Wedding Bell Blues

By: Meg Benjamin

Right. Tell that to Maureen Amundson, who had lost hearing in one ear and risked losing an eye for a couple of weeks before the doctors had been able to repair the damage to her cornea. Bo Amundson had been nothing if not thorough.

Pete was going to make sure Bo Amundson spent a significant portion of the rest of his life in the slammer. He’d promised Maureen. He stared at the cell phone again. Maybe he should just call the clerk to make sure that the trial date hadn’t been changed.

Enough, already. Pete sighed in disgust. He was supposed to be relaxing in Texas, letting his stress levels drop out of the stratosphere, being his brother’s best man. He might even take the time today to figure out what a best man was supposed to do. Must be a somewhere.

On the other hand, he was sure his mother could tell him what a best man was supposed to do. In detail. And she undoubtedly would as soon as she saw him.

He poured himself a cup of coffee and grabbed a banana, then climbed out onto the fire escape to eat. Docia’s backyard spread out below him, a solid expanse of grass and live oaks reaching to the stone wall around the edge. Pete leaned back against the window sill, letting one foot dangle over the side of the fire escape. He had to admit, Konigsburg had its points.

The neighbor kids played touch football in their own back yard across the alley. After a few minutes Pete heard the littlest complaining about fairness in a high-pitched, grade-school voice. Another kid, clearly the big brother, grabbed the boy’s shoulder, and Pete’s gut clenched. Then the smaller boy was running across the yard as his big brother stepped back to pass him a bright green football.

Pete relaxed against the window sill again, listening to the sounds of cars moving along Main Street and the kids screeching in victory.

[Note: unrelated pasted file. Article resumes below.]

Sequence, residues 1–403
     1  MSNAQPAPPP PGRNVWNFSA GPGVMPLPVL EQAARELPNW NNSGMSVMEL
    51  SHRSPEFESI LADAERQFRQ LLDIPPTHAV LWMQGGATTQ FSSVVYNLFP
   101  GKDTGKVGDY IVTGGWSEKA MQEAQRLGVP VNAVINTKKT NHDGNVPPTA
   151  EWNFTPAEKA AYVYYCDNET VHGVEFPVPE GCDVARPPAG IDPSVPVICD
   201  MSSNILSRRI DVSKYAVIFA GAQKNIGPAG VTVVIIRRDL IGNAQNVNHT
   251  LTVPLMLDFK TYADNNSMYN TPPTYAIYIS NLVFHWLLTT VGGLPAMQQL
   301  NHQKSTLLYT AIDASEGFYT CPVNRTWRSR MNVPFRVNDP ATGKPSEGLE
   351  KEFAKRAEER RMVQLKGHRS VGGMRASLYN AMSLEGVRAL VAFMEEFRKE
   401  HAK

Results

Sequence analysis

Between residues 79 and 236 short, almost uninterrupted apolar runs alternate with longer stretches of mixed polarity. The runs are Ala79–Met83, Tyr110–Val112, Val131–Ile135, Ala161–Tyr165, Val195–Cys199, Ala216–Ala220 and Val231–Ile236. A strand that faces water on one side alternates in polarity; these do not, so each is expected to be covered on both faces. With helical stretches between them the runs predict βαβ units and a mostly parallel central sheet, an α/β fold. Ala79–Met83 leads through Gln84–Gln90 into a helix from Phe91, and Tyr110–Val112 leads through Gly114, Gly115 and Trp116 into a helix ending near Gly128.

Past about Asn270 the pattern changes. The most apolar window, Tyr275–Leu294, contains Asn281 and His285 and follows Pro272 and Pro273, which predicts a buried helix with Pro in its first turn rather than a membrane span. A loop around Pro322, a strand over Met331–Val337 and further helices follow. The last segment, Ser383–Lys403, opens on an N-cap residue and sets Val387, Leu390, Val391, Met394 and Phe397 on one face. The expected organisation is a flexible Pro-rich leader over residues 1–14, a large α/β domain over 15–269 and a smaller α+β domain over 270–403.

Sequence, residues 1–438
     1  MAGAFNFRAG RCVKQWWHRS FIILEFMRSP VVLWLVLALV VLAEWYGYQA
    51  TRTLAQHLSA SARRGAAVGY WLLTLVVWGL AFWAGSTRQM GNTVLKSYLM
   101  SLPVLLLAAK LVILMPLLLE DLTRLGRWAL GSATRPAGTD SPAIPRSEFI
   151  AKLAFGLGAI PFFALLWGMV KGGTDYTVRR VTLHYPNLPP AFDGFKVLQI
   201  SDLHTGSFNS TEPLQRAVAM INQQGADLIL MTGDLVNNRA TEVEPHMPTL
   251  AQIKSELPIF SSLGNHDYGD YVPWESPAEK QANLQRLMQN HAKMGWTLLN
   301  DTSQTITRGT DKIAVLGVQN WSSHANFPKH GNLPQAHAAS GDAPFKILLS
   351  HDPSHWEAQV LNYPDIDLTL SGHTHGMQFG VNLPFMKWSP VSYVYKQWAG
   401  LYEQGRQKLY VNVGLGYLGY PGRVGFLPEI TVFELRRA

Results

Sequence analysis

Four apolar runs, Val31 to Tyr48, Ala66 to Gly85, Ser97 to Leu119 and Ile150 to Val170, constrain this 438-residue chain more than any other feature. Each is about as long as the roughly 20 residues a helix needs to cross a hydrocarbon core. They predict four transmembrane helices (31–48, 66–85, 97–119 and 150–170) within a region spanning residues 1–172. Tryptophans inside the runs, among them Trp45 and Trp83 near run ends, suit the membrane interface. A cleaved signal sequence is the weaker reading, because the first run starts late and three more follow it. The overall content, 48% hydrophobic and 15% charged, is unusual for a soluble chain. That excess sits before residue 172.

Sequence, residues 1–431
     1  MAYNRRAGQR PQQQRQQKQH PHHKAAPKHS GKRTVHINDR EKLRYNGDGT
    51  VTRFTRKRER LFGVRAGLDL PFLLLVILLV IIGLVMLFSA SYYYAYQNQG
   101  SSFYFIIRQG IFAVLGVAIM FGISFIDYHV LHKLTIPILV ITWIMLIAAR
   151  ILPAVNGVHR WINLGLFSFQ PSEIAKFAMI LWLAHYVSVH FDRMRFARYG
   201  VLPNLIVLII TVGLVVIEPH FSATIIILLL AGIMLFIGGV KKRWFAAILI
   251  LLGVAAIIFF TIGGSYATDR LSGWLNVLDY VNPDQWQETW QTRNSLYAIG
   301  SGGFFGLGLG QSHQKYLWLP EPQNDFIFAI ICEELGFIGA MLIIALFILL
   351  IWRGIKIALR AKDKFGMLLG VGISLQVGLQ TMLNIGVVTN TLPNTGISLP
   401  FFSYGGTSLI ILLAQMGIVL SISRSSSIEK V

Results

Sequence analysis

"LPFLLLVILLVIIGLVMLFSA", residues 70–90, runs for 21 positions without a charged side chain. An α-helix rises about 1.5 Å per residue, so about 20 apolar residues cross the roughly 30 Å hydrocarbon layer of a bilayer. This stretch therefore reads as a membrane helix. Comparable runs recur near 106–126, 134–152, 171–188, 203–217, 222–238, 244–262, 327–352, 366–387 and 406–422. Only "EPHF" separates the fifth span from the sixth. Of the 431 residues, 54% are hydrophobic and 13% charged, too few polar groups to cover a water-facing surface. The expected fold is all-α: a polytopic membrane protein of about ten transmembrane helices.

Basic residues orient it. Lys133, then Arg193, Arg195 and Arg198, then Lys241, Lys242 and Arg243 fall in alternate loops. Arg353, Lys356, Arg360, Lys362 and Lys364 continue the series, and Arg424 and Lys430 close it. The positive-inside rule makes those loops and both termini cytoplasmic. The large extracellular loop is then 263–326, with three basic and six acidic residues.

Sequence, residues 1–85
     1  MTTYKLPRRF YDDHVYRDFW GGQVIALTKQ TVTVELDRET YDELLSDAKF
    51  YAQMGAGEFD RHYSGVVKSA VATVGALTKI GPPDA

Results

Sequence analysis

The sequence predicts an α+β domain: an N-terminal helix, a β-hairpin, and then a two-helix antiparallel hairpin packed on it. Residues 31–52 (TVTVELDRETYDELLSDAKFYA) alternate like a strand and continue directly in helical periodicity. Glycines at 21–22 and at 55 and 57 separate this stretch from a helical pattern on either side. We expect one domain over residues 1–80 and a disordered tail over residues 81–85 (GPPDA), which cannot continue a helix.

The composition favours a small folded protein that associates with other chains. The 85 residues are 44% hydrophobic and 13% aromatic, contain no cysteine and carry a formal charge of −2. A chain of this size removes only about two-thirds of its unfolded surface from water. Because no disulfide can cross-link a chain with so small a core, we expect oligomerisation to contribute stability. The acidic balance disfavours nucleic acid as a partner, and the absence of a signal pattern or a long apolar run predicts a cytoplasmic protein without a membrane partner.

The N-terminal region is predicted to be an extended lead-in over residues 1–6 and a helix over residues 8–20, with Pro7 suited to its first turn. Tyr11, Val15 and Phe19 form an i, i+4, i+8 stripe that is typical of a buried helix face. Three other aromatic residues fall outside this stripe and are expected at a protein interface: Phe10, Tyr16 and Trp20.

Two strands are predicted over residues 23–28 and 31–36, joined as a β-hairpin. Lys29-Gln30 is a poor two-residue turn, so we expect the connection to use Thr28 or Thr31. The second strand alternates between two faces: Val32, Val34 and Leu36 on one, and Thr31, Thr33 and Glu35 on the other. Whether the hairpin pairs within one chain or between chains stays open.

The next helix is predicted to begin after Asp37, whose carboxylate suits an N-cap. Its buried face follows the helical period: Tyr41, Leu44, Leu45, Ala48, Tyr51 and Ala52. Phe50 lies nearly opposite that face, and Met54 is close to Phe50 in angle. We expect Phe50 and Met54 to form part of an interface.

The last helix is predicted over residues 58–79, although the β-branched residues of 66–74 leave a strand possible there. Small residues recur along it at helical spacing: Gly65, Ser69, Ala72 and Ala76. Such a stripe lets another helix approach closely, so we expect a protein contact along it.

After a few minutes, he saw a woman walk down the sidewalk beside the yards, turning to wave to the children as they ran by. Pete caught a quick glimpse of her face as she turned back again—Janie Dupree.

As if she were suddenly aware of him, she looked up to the fire escape, shading her eyes with her hand. “Good morning,” she called.

Pete nodded. “Hi.” On an impulse, he raised his cup. “Want some coffee?”

She shook her head. “No, thanks. I’ve got to open the shop.” She smiled uncertainly, her sunny face puckering slightly.

“I’ll give you a hand.” Pete pushed up from the fire escape and ducked through the window.

He heard Janie say something that sounded like “Thanks anyway,” but he ignored it. How hard could opening a bookstore be? And almost by definition, he had nothing better to do. Might as well make himself useful again. It certainly beat sitting around not checking his e-mail.

Janie had unlocked the front door by the time he’d climbed down the inside stairs and walked into the shop through the storeroom. He peered around the shop space. Six-foot-high bookcases stretched toward the pressed tin ceiling overhead. “What do you need done?” he asked.

“You can move that display case.” Janie nodded toward a row of shelves where a large cardboard display loaded with paperbacks nearly blocked the aisle. “Put it over there against the wall.”

He hoisted the surprisingly heavy cardboard display and staggered toward the side. “Look, I think maybe we got off on the wrong foot last night.” He pushed the display against the wall, then turned to look back at her, dusting his hands on his knees. “I guess I was out of line.”

Janie regarded him with one raised eyebrow. “You guess?” Her lips were pursed again. She had a perfect cupid’s bow mouth, a sharply angled upper lip over a full, almost pouting lower one. Nice.

He shrugged. “Okay, I was totally out of line. I’m sorry.”

The corners of her mouth trembled, as if she was fighting a smile. Oh well, maybe he didn’t deserve one. Her short, dark hair was slightly mussed from the breeze outside, falling over her eyebrows, almost like feathers. Her eyes, the same dark color as her hair, tipped up at the ends.

“Dupree.” He narrowed his eyes. “From Louisiana?”

Janie nodded. “My daddy was a Cajun from Baton Rouge. Mama’s from here, though, so I’m only half coonass.”

Pete blinked at her, and she grinned, her full lower lip spreading deliciously.

“It’s okay for me to say ‘coonass’, but nobody else. One of those things, you know? And by the way, my mom would die if she knew I said that to you.” She turned back to the cash register, placing bills in the tray.

He nodded, only half listening. Why hadn’t he noticed those eyes until now, to say nothing of those lips? Usually he was more observant than that. Was that what overwork did to you?

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